There’s one time of the year when everyone is an ambitious goal setter: New Year’s Eve. It’s an annual restart button, a magical time to decide that anything is possible. However, while most people think of this new beginning strictly in personal terms, the New Year is a great time to reevaluate goals for your business as well. It’s an optimal time to decide what you want to accomplish to ensure that your business continues on a path of growth and achievement that you can be proud of.
There are two components to annual goals: Setting them and following through. The only way to be successful is to check off both on your 2017 to-do list. Here are a few tips to help you achieve business success in the coming year.
It’s Not Only About Working Hard
One of the biggest time drains for business owners is completing day-to-day tasks. While working hard on daily routines can feel productive, the truth is that doing work without a clear vision of what you want to accomplish is an inefficient use of a business owner’s most valuable resource — time. Setting goals allows you to take a step back from menial tasks and make sure everything you’re doing contributes to your bottom line. Plan for success this year by setting measurable short- and long-term objectives that will serve as a roadmap to an end goal. That way, you’ll ensure that every step you take along the way is adding value to your business.
Whatever your goal is, there is no better way to hold yourself and your company accountable than by making your intended end results known with some kind of public declaration. If you want to increase sales revenue 5 percent by next quarter, don’t just jot it down in your diary. Boldly proclaim your intentions in your company newsletter. If you’ve got real guts, send out a press release. Add a little external pressure to help hold you accountable for 2017.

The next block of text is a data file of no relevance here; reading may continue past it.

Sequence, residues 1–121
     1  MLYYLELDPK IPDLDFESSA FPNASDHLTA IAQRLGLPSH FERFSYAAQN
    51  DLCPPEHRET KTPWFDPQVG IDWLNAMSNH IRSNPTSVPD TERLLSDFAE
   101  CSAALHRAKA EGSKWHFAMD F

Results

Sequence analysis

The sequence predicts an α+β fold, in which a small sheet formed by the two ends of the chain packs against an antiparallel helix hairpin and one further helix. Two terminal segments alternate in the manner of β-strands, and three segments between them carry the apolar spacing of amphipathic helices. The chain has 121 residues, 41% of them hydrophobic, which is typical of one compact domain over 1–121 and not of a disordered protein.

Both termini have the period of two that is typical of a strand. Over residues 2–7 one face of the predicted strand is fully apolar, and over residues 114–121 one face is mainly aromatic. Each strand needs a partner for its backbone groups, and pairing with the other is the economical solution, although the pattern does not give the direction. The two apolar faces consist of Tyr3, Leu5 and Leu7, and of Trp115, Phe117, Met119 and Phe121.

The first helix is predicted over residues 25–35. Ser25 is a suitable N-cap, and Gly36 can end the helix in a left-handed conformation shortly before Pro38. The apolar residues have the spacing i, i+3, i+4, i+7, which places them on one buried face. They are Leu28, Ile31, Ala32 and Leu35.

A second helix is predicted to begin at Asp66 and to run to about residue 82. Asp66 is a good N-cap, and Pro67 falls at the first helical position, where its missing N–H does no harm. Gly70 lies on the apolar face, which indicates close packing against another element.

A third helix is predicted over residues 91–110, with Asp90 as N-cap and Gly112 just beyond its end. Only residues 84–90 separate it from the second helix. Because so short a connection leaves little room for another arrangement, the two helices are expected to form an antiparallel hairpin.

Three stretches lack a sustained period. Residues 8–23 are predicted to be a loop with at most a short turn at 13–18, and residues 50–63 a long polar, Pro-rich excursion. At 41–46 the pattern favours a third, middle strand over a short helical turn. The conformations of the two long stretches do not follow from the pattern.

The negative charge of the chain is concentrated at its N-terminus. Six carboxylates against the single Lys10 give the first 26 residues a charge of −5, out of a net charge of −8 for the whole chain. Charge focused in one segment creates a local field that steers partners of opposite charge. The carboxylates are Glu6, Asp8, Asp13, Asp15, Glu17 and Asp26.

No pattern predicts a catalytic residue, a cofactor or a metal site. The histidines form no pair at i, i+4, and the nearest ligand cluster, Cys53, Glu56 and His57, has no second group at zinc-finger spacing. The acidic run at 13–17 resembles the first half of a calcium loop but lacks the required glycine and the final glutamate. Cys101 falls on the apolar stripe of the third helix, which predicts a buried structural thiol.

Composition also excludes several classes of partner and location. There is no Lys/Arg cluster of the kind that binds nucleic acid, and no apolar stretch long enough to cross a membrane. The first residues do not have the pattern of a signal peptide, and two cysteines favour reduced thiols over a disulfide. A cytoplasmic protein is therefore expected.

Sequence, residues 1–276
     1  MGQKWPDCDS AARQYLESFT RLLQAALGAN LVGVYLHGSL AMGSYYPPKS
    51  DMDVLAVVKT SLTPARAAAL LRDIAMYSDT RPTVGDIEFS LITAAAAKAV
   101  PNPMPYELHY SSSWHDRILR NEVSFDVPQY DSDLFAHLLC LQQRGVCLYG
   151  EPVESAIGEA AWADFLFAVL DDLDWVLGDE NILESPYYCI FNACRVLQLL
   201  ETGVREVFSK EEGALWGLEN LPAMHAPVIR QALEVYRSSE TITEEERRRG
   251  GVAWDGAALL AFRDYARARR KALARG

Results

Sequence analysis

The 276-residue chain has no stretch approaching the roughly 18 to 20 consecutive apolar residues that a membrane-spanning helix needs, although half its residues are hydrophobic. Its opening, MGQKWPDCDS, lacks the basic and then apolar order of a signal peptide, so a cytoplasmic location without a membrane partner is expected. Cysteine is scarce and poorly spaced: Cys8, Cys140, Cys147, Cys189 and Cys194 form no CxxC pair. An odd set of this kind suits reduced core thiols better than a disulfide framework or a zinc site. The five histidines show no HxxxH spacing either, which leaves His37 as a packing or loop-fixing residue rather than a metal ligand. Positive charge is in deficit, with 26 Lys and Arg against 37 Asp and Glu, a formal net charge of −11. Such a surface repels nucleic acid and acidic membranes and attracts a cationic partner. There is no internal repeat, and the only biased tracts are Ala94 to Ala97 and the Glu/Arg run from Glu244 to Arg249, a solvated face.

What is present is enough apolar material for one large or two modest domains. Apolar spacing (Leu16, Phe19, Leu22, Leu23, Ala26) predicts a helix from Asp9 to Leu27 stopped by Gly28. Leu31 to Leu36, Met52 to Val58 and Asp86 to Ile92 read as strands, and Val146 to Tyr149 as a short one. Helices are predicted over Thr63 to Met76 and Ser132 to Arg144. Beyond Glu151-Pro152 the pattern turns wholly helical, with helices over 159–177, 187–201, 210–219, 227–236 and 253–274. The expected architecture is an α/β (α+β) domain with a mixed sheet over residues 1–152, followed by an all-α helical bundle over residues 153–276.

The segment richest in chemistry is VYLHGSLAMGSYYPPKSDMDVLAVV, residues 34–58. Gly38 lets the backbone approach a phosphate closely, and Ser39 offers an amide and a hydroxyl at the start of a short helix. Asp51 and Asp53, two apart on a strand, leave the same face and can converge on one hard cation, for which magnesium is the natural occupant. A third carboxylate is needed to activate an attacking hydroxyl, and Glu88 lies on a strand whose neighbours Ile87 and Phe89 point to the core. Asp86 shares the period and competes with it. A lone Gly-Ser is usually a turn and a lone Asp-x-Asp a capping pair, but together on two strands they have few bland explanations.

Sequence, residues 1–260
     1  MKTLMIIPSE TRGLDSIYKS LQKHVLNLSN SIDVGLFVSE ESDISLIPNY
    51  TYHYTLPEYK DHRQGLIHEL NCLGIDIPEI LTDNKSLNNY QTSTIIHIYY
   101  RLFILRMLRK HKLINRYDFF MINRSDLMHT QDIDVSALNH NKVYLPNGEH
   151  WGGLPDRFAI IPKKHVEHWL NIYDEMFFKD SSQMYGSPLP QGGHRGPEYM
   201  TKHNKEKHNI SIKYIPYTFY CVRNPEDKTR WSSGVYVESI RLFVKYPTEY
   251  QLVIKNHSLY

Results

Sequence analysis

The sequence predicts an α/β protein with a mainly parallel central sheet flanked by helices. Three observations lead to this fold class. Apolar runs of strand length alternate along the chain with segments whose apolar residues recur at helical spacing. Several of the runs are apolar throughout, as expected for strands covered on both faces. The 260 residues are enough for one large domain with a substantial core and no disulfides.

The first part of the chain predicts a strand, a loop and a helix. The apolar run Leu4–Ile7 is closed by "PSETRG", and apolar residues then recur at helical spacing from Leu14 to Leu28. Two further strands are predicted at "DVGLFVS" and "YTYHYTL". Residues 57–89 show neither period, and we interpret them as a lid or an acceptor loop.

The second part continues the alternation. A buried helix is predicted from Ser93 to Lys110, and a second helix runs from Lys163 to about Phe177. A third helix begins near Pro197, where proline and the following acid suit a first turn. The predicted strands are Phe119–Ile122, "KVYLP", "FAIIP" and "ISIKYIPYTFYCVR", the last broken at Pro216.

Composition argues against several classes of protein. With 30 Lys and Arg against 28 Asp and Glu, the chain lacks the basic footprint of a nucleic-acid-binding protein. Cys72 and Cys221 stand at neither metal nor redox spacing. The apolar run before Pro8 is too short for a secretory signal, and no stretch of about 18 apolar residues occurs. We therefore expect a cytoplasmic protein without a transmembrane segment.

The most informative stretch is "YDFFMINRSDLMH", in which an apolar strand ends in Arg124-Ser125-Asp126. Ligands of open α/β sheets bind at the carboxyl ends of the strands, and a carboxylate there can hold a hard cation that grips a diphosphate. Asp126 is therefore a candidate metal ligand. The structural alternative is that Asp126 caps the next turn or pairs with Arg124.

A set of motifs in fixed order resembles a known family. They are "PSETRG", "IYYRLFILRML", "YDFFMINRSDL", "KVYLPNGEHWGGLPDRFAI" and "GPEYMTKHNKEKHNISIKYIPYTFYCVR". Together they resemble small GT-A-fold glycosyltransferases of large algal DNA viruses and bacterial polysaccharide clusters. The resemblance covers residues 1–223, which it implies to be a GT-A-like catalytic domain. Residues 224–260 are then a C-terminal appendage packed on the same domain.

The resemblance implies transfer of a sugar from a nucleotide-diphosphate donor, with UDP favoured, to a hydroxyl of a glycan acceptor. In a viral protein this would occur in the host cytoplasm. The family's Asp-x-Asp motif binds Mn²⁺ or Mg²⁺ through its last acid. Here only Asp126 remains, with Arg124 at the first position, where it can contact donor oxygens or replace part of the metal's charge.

Work As A Team
The more people you involve in a process, the more likely you are to succeed. It’s a pretty basic concept, yet many small business owners feel pressure to do as much by themselves as they can. One person can’t move a piano up a flight of stairs by himself. However, if a half dozen people agree that the second story is the ideal location, you can get the 400 pound instrument relocated before lunchtime. Once you convey clear goals to make sure everyone on your team is on the same page, delegate roles and duties so that each person is fulfilling a specific need. By embracing everyone’s strengths and limitations — including your own — you are fostering a sense of trust and duty that is essential to every motivated and successful team.
Take Surefooted Steps, Not Daring Leaps
Imagining what you can accomplish next year is very different from knowing what you can get done by tomorrow. Incremental short- and long-term goals will be more manageable and easier to achieve. Making consistent success part of your business goals will accomplish miraculous feats in the long run.
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